Make sure you also socialize your young pup with different environments, people, and other animals. Reward your pup with praise or treats when they have positive interactions. Puppy classes are also a great way to socialize your new furry friend in a controlled environment.
Finally, get to know your new dog’s temperament. There are certain dog breeds with low separation anxiety as well as certain individual dogs within breeds that are more prone to it. Knowing these things can help you better manage and prevent this issue.
Separation Anxiety in Older Dogs
Just like humans, dogs can experience separation anxiety at any age. If your dog is older and has never experienced this before, there are a few things you should keep in mind.
First, it’s important to rule out any medical conditions that could be causing the behavior. Once you’ve done that, take a look at your dog’s daily routine. Has anything changed? Older dogs don’t appreciate changes in their environment. Keep their routine as consistent as possible.
If your dog is still experiencing separation anxiety despite following a routine, it’s time to look out for when your furry bestie’s current routine is causing them stress. You may need to make some adjustments to help your elderly doggo feel calm.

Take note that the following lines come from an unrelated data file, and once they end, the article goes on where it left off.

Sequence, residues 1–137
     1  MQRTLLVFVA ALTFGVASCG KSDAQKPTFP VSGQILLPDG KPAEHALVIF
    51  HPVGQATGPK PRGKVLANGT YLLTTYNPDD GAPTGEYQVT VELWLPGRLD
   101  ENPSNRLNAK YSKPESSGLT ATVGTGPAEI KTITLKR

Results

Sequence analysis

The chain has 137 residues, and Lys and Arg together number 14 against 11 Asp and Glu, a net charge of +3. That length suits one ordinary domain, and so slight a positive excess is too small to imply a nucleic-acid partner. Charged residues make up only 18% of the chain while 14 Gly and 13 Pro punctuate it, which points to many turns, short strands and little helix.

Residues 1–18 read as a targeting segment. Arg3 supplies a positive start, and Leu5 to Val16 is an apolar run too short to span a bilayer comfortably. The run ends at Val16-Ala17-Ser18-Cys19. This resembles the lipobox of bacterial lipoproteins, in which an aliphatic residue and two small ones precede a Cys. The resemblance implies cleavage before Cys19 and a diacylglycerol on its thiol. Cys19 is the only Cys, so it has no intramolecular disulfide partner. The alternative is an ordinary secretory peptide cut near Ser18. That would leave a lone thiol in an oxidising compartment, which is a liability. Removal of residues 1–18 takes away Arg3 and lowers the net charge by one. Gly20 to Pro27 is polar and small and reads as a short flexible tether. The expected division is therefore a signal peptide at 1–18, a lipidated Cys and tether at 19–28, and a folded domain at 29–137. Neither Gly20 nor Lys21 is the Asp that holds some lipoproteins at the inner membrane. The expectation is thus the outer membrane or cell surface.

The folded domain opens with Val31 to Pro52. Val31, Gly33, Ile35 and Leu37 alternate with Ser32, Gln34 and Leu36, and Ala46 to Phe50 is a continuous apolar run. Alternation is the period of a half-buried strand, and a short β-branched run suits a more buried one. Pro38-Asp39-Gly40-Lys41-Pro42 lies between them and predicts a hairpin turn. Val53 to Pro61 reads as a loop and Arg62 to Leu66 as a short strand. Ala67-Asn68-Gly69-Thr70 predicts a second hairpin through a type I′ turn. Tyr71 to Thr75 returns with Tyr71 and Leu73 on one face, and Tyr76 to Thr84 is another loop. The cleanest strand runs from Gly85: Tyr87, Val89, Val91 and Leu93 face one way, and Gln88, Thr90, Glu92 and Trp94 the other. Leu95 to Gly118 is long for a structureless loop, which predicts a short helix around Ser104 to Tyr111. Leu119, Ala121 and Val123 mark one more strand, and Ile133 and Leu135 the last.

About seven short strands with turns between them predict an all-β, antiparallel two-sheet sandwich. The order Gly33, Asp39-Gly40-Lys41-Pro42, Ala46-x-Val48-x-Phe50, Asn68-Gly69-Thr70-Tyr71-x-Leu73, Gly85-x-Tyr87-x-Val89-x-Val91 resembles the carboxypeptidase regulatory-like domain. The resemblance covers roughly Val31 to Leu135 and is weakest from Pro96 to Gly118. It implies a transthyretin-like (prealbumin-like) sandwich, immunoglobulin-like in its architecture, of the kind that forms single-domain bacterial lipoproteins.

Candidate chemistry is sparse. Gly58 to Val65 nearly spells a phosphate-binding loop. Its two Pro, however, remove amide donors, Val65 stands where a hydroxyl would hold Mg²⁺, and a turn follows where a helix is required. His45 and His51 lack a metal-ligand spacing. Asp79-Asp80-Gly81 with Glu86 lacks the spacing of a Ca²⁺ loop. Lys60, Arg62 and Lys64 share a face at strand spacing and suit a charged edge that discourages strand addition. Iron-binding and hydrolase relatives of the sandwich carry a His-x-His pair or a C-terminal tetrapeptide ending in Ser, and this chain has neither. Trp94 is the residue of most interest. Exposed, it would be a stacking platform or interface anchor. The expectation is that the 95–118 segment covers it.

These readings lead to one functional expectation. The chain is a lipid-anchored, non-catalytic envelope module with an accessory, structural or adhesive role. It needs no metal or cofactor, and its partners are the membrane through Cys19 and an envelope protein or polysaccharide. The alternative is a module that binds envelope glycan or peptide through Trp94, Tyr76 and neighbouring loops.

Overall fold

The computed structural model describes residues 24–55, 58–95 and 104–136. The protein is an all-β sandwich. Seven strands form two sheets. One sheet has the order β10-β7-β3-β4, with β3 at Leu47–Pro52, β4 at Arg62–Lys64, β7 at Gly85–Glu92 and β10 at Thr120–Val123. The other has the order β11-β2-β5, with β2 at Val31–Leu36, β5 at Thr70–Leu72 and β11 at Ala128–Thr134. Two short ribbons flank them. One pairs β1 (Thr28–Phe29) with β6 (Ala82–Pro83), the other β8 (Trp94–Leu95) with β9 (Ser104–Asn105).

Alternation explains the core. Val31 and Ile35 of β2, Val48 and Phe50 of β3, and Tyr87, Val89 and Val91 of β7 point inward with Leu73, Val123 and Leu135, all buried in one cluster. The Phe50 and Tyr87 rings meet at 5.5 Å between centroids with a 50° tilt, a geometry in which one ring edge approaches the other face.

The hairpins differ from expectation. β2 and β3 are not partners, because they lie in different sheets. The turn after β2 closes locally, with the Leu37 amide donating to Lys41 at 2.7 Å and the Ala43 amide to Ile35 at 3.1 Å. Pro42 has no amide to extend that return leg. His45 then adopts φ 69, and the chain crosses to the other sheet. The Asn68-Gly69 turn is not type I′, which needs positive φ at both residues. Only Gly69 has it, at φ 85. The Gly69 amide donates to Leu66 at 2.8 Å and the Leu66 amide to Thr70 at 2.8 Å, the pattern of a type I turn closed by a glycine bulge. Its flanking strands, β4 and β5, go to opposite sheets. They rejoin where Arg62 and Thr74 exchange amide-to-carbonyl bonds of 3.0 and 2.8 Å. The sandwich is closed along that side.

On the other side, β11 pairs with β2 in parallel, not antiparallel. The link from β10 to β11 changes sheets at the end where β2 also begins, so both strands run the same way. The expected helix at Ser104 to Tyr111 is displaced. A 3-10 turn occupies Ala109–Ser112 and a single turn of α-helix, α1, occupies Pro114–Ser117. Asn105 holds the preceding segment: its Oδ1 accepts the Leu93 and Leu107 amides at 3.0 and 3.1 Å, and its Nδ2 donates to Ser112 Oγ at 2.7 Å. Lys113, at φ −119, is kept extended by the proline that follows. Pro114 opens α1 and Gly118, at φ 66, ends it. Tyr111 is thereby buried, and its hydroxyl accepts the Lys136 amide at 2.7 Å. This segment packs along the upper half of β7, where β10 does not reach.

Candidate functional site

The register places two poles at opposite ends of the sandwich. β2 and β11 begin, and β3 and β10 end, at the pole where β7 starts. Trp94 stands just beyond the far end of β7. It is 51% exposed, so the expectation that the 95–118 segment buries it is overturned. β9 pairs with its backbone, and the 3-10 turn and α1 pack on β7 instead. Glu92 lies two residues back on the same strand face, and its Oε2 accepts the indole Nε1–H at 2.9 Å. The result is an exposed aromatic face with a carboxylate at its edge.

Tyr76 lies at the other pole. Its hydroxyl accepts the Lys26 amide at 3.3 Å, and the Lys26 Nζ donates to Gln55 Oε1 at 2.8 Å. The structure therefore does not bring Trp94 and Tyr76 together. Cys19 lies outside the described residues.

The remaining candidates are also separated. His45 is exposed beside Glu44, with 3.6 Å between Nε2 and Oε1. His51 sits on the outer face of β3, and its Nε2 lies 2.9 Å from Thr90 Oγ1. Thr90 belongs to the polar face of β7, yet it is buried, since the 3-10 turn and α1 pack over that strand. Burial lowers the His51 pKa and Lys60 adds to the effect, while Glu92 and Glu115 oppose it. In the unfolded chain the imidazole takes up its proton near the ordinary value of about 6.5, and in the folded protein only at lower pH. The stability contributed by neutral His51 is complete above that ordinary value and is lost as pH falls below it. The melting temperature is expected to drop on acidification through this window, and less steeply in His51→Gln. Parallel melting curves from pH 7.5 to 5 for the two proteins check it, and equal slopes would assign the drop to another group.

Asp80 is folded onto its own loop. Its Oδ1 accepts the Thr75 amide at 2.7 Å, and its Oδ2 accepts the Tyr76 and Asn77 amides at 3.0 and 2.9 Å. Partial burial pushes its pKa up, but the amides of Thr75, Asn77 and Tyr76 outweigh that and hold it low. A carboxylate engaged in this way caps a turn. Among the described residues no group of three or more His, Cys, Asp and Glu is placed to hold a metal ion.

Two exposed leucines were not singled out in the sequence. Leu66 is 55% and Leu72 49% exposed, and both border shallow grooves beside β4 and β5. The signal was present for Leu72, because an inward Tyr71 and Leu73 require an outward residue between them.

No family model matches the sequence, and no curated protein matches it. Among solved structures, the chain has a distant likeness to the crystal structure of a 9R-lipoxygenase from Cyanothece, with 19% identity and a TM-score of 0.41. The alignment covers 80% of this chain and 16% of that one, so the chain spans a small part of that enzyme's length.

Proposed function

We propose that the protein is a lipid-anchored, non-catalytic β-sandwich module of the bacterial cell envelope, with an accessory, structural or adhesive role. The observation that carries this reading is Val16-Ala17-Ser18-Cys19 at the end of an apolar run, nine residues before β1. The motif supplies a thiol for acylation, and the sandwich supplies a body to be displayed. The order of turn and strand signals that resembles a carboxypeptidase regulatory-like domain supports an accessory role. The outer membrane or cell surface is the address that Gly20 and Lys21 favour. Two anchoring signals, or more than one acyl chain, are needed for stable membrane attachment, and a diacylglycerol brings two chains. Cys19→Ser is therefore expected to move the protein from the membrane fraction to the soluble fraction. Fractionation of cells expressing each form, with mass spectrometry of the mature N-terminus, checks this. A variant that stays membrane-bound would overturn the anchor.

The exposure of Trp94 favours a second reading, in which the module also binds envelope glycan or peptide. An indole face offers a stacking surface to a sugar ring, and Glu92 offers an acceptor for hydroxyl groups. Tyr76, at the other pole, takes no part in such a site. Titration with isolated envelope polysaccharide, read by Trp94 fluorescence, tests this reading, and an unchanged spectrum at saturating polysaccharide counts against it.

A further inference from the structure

Dog’s Separation Anxiety at Night
You can help your pupper with night-time separation anxiety by establishing a bedtime routine. This should include things like going for a final potty break, getting a treat or toy, and giving them some attention.
Adjusting his bedding and sleeping location can also help make your doggie feel more comfortable. If he usually sleeps in a big bed with you, you can try putting him in a small kennel or crate next to you. This may help them associate the crate with feeling safe and secure.
Preventing and Treating Separation Anxiety In Dogs
The best way to help your dog is to start socializing them early on and make sure they have a positive association with being away from you. This includes exposing them to different environments, people, and animals.
Make sure you’re also consistent in your routine when training your pup. If household rituals stay the same, they’ll be less likely to feel anxious when you’re not around.